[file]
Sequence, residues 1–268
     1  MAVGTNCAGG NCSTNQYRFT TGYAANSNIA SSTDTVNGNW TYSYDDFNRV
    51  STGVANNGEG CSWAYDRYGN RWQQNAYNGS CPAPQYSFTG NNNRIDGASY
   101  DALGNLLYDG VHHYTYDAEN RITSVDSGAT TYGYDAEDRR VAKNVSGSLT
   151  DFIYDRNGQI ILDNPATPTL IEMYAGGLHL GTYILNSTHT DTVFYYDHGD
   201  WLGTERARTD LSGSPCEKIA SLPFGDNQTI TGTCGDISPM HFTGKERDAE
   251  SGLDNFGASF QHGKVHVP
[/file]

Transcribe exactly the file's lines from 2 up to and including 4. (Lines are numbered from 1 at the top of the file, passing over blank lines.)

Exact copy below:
     1  MAVGTNCAGG NCSTNQYRFT TGYAANSNIA SSTDTVNGNW TYSYDDFNRV
    51  STGVANNGEG CSWAYDRYGN RWQQNAYNGS CPAPQYSFTG NNNRIDGASY
   101  DALGNLLYDG VHHYTYDAEN RITSVDSGAT TYGYDAEDRR VAKNVSGSLT